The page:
But clothing fever is short-lived. According to the IFM, sales in the third quarter fell by 4.7% compared to the same period in 2021. This is bad news for this weakening sector which already faced weak commercial activity in July (-14.1%) and is unable to attract sales due to multiple fast-fashion (H&M) and ultra-fast-fashion (Prinmark, Shein, etc.) discount operations.

Food delivery in slow motion

Unsurprisingly, food delivery has turned the page on the chaos associated with prisons and curfews. It is marking time in terms of the number of orders, even if the price increase keeps the growth of transactions. And consumers, with their eyes on their wallets, tend to have less food delivered to their homes.

Deliveroo saw order volumes fall by 1% between June and September. Last quarter, the increase was still 3%. And not all countries are in the same boat. The United Kingdom, the group’s main region, posted growth of 5%, while Asia-Pacific fell sharply. On the Just Eat Takeaway side, the drop in orders reached 11%, which the company attributes to the end of restrictions and, to a lesser extent, to the fact that there are fewer small baskets.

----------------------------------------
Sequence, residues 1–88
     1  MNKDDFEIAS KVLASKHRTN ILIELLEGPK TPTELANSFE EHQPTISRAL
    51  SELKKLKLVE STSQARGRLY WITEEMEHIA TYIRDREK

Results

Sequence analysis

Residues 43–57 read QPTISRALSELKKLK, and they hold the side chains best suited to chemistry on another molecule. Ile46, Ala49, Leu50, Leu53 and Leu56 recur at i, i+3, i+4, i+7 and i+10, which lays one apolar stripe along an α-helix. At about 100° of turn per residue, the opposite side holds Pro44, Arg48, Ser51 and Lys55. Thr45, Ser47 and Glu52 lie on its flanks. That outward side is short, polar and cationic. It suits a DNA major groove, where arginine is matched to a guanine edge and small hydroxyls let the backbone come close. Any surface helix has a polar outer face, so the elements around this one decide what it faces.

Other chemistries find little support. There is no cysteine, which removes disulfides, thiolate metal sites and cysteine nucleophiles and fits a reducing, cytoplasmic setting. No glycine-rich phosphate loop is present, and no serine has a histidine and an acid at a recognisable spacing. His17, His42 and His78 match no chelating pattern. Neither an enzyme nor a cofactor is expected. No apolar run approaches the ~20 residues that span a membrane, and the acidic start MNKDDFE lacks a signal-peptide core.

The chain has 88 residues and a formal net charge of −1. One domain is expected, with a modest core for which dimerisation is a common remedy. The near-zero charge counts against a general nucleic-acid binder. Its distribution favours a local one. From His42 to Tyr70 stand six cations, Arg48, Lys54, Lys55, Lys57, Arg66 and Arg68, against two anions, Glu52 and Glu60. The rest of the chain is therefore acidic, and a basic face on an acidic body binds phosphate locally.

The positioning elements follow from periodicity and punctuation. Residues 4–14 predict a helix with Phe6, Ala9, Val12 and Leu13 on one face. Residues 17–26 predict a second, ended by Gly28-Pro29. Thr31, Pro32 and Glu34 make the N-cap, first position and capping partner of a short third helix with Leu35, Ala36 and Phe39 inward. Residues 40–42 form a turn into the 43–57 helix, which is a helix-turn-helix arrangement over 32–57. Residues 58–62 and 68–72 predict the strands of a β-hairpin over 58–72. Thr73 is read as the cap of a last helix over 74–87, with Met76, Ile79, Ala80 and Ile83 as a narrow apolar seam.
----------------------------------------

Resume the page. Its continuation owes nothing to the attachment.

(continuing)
But, whoever the artists are, the new habits picked up during the Covid era have taken hold. Food delivery has become a far-fetched catering landscape in 2019. And it’s likely to sustain it. In addition, if sales are less present than at the beginning of the year, it is more time to look for profitability in the sector. A mark of maturity he is gaining.

Just Eat Takeaway posted a third-quarter underlying profit, ahead of expectations. The group has further cut costs. Among the measures put in place, he backtracked in France on getting salaries that deliver people. Only available in Paris, a PSE is planned for other cities. While Deliveroo has slightly raised EBITDA forecasts and aims to break even by the end of 2023-early 2024.

For all consumer sectors, the next few months will be crucial. Michel-Edouard Leclerc warned in an interview with “Echos”: “The shock will come in January and February. »